Cleaning Up Old Post Metadata in WordPress

Over time, as posts are updated, created, or deleted, the wp_postmeta table can become large and inhibit your website performance. In this article, we are going to show you how to clean up old, unnecessary post metadata from the wp_postmeta table to help your WordPress site run more efficiently.

  1. Before continuing, make a backup of your database. This step is critical as we are making mass deletions that can potentially break things on your site.
  2. Log into cPanel.
  3. phpMyAdmin icon

    Next, scroll down to the Databases section and click on phpMyAdmin.

  4. select your database on the left

    Within PHPMyAdmin, select your WordPress database on the left side column. If you are unsure of the database that your WordPress site is using, follow our guide on finding your WordPress database name.

  5. click SQL

    At the top of the page, click on SQL.

  6. new code entered

    Inside the text area, enter the following:

    SELECT * FROM wp_postmeta pm LEFT JOIN wp_posts wp ON wp.ID = pm.post_id WHERE wp.ID IS NULL;
    DELETE pm FROM wp_postmeta pm LEFT JOIN wp_posts wp ON wp.ID = pm.post_id WHERE wp.ID IS NULL;

  7. Then, press the Go button on the bottom right.

PHPMyAdmin will either let you know how many items it removed or state that the result is empty which means that nothing was found. Congratulations! Your wp_postmeta table has now been cleaned up.

7 thoughts on “Cleaning Up Old Post Metadata in WordPress

  1. This is a life saver, but is there a way to automate this clean up on a daily basis? My orphaned meta data seems to be growing by the 10ks every day! Using Divi optimized by WPMUDev Hummingbird Pro.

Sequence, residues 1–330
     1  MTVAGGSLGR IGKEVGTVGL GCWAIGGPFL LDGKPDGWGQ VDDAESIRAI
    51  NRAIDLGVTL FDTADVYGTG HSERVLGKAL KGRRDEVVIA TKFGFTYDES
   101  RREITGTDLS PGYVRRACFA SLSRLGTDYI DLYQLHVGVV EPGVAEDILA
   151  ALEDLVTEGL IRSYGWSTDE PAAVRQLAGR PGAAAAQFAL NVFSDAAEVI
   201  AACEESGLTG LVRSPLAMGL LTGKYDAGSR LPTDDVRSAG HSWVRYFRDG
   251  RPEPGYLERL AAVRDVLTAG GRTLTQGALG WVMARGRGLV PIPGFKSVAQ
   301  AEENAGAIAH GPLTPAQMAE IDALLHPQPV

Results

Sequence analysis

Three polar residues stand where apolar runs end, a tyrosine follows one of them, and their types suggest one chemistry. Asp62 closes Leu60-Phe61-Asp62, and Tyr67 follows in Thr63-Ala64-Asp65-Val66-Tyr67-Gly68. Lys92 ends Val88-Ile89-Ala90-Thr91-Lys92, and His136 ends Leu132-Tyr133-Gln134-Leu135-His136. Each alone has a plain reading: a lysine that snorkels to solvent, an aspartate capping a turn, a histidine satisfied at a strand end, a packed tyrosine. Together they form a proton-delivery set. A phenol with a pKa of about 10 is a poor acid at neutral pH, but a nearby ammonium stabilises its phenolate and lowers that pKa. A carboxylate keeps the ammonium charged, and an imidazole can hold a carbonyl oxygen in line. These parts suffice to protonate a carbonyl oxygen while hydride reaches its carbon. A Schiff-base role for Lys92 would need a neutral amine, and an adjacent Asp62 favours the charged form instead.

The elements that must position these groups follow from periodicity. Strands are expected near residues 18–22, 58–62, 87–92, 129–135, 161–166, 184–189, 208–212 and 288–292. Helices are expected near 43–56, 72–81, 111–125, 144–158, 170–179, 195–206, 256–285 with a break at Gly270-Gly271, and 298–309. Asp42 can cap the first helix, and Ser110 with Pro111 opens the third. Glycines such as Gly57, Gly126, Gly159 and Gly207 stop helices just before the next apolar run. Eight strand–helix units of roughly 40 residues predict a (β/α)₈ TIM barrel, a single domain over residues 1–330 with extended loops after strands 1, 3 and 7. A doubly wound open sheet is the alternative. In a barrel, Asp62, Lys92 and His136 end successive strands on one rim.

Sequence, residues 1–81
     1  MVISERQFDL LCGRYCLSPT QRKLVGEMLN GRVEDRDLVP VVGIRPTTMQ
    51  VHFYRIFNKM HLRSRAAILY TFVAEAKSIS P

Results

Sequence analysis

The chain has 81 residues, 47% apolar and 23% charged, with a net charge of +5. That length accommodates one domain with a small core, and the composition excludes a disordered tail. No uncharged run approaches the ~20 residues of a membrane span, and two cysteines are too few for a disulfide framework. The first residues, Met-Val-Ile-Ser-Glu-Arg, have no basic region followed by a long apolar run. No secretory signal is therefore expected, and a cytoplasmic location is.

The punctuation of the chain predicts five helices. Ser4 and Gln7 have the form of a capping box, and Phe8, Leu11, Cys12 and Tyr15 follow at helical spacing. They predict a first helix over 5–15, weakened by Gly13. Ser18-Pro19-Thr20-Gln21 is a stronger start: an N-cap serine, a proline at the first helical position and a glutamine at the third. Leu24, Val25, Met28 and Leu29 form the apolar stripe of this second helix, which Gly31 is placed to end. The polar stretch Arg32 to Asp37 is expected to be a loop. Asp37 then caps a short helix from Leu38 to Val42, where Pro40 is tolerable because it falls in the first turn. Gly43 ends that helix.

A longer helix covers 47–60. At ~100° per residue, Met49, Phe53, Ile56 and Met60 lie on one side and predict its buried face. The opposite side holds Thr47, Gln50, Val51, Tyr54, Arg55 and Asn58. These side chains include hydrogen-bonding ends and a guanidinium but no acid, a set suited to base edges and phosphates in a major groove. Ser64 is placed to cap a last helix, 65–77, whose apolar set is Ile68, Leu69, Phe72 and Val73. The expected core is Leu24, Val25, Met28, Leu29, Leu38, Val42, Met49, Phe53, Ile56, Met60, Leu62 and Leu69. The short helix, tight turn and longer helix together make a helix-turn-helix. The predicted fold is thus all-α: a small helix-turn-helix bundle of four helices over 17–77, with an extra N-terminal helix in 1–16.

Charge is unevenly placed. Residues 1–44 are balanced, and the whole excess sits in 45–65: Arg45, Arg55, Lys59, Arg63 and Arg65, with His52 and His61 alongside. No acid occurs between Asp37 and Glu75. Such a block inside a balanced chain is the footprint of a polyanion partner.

1. Good question, Doug. With a situation like this that comes up frequently, there is usually a plugin designed to solve the issue. I tried to find out what was popular, and it looks like the Advanced Database Cleaner plugin may offer this as a feature. Please note, this is not an official recommendation of that particular plugin, and all the usual disclaimers apply: other plugins may to what you are looking for more efficiently, not every plugin is optimized to work with every site configuration, and please be sure to test any plugins before deploying them on your site. I’m just offering the suggestion to point you in the right direction — hope it helps!

    1. It may mean that any plugins you’ve uninstalled didn’t leave behind excess data. That’s a good thing.

  2. Hello,

    thanks for the useful tutorial. I run the queries you suggested and found nothing wrong, but my postmeta data are made huge by the presence of the meta keys related to the views count (daily, weekly, monthly). Any suggestions about these?


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